7. Ismail Biswas v. Emperor : AIR1930Cal289 was also relied upon by Mr. Krishnamurthi in support of his argument that evidence of long user was sufficient to support a claim to such an easement. That was a decision of Rankin, C.J. in a criminal revision case arising out of an alleged offence Under Section 430, I.P. C, i. e. of committing mischief by doing an act which caused or which was known to be likely to cause a diminution of the supply of water for agricultural purposes. The question there considered was whether the complainant had a right to take the water from the tank to irrigate the lands, and Rankin, C.J. observes:
It appears to me that if the evidence is that a person has the occupation of lands and has been taking water to irrigate his lands through a channel from this tank, that is pretty good evidence that he has some right so to do. This is not one of these things that can be concealed or that can be done behind the back of people so that nobody in the neighbourhood can possibly get to know of it. It is done openly and on the face of it it appears to me that the fast of enjoyment of such a right as that is some evidence of the right itself.
8. Another case is Kunjammal v. Rathnam Pillai AIR 1922 Mad 5, a decision of Kumaraswami Sastri and Devadoss, JJ., which I consider to have the most important bearing upon the first point raised. There the plaintiff proved that his scavenger was cleaning his privy for the last 30 years and more by passing through the defendants' house and it was held that the presumption was that the user was of right and that the plaintiff had acquired a right of way by long user apart from Section 15, Easements Act, and that the presumption of right from long user is not in India the presumption de jures et de jure but is one which can be rebutted by proof of facts which are inconsistent with or militate against the inference. On page 637 it is stated:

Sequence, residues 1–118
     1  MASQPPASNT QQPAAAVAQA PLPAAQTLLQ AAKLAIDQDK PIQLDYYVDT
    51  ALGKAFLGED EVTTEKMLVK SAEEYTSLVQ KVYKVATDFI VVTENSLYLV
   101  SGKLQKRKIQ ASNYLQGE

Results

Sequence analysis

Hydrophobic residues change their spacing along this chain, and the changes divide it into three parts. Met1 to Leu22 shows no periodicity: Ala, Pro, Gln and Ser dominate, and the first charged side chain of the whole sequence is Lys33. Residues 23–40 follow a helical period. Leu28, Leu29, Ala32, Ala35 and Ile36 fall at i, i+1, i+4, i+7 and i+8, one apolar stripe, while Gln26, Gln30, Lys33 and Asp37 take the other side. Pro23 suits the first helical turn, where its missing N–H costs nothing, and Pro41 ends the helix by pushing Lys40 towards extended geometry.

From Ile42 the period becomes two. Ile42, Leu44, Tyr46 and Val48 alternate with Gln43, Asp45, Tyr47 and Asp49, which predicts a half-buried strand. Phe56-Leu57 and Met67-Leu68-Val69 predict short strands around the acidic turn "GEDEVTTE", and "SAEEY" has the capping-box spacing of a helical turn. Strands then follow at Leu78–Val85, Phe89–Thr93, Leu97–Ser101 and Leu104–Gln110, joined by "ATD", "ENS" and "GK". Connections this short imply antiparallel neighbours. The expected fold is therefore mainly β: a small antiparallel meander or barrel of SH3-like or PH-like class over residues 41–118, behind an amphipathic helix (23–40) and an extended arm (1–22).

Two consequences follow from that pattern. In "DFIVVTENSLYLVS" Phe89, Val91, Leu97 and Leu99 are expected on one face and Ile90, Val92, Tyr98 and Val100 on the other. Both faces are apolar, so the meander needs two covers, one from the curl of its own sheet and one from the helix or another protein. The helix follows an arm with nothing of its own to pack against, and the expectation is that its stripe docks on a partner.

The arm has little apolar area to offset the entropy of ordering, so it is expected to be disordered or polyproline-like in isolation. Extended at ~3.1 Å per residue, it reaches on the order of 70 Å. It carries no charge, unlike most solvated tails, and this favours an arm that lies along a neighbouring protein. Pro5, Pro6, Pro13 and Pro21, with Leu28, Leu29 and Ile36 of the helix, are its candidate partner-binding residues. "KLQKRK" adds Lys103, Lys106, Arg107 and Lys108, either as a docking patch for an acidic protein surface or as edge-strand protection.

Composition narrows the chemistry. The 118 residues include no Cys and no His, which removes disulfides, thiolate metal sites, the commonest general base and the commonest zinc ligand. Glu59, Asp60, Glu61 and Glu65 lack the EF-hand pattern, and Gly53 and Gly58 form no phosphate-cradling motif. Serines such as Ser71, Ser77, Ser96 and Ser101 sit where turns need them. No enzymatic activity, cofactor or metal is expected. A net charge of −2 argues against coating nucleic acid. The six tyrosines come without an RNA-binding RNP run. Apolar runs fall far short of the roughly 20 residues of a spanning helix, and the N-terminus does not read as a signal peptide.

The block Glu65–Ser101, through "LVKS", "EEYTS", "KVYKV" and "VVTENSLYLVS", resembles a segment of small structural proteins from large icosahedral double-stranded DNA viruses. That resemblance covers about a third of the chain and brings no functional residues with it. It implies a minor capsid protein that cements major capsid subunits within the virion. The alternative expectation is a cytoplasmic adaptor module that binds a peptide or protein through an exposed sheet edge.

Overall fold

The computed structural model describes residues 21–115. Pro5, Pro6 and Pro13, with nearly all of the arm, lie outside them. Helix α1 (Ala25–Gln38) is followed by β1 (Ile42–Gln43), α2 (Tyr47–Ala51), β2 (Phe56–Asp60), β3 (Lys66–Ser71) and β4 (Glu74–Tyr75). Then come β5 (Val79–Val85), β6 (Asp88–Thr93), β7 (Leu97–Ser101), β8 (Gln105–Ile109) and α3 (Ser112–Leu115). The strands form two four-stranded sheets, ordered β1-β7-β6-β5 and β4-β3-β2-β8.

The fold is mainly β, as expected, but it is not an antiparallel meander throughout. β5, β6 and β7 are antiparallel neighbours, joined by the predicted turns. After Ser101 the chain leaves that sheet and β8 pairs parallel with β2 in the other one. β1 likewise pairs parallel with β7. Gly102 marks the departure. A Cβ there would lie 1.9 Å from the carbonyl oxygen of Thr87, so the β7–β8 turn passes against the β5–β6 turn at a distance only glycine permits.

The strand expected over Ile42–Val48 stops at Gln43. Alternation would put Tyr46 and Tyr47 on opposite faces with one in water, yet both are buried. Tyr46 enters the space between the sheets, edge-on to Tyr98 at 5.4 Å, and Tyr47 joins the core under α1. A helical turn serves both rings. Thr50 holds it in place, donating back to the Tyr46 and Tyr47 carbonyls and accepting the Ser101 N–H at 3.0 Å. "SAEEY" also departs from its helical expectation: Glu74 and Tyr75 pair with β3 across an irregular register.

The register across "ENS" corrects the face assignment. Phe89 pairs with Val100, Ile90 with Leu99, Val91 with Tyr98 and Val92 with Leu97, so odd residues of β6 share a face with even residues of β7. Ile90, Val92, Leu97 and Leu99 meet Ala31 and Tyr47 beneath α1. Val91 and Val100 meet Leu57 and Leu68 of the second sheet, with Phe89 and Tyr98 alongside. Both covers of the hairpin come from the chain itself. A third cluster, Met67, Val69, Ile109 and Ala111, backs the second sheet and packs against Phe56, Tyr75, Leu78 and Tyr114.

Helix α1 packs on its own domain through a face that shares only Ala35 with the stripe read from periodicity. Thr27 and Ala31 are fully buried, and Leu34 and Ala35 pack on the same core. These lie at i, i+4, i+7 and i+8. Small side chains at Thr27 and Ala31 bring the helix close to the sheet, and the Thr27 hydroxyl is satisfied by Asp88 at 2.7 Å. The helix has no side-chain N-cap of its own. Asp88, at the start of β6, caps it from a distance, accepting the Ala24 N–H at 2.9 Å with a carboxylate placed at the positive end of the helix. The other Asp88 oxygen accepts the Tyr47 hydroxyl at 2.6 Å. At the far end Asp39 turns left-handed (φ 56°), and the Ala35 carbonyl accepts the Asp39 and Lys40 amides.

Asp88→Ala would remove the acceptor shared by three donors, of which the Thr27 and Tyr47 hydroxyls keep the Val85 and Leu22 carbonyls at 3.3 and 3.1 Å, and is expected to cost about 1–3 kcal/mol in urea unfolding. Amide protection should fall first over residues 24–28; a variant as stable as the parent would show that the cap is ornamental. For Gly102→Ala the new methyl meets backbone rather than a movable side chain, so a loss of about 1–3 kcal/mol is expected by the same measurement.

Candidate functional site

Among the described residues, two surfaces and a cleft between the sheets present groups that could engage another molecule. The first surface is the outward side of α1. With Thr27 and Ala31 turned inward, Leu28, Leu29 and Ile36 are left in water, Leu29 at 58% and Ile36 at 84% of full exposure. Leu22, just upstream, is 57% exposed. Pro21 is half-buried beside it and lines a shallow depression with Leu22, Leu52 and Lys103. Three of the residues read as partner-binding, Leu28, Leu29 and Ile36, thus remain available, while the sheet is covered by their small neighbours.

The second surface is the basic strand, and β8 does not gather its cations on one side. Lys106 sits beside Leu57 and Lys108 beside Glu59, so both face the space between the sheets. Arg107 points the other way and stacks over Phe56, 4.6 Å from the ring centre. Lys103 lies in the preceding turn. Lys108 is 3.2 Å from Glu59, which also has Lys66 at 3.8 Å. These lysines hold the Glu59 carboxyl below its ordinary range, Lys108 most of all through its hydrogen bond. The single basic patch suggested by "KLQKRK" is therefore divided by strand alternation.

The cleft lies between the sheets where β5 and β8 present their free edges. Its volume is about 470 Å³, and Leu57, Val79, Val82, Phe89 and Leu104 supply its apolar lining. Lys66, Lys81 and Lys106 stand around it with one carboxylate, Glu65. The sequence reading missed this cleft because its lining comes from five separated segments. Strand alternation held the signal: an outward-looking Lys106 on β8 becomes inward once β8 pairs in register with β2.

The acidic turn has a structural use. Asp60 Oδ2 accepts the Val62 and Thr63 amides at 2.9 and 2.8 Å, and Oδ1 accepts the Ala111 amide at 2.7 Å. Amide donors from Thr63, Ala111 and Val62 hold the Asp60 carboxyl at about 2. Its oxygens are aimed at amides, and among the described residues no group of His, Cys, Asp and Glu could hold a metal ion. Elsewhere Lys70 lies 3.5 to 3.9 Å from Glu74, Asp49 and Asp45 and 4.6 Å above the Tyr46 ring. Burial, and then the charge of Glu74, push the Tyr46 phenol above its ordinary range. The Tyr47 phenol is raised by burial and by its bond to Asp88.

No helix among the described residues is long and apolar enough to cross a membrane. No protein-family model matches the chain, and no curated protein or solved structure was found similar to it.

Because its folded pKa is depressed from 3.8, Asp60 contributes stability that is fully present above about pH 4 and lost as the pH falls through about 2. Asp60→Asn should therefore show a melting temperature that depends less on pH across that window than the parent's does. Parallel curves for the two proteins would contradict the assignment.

Where user is proved, the presumption is that it is of right till the contrary is proved. Gale on his valuable treatise on easements observes: 'The effect of the user would be destroyed if it were shown that it took place by the express permission of the owner of the servient tenement, for in such a case the user would not have been had with the intention of acquiring or exercising a right. The presumption, however, is that a party enjoying an easement acted under a claim of right until the contrary is shown.
9. It was contended in that case, however, that the presumption in favour of the exercise being as of right rather than license does not apply to India and a number of cases upon that point were referred to, which are considered in the judgment and after a consideration of them it is stated on page 639: